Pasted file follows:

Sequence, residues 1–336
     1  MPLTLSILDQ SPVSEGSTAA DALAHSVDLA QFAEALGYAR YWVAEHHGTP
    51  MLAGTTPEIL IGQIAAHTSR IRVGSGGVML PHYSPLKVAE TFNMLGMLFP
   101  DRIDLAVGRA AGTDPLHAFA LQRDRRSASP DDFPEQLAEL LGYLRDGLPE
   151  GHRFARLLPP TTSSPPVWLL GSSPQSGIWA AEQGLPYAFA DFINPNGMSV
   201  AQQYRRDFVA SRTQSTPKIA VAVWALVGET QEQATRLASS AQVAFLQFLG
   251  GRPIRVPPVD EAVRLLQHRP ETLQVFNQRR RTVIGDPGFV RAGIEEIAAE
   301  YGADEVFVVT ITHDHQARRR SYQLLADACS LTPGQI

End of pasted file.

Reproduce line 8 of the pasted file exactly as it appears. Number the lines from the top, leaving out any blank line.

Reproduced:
   301  YGADEVFVVT ITHDHQARRR SYQLLADACS LTPGQI